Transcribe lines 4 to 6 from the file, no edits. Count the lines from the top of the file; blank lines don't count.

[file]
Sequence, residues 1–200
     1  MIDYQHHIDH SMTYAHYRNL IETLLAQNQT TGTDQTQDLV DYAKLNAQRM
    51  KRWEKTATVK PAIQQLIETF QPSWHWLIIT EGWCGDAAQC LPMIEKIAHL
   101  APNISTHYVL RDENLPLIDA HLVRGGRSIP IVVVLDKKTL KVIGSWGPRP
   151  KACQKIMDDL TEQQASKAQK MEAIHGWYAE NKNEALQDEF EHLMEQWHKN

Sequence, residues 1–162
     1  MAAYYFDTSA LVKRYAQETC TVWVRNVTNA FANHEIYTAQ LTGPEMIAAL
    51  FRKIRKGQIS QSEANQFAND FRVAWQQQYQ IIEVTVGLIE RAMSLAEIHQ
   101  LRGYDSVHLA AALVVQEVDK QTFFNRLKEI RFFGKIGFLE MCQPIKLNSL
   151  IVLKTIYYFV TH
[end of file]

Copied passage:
   101  APNISTHYVL RDENLPLIDA HLVRGGRSIP IVVVLDKKTL KVIGSWGPRP
   151  KACQKIMDDL TEQQASKAQK MEAIHGWYAE NKNEALQDEF EHLMEQWHKN

Sequence, residues 1–162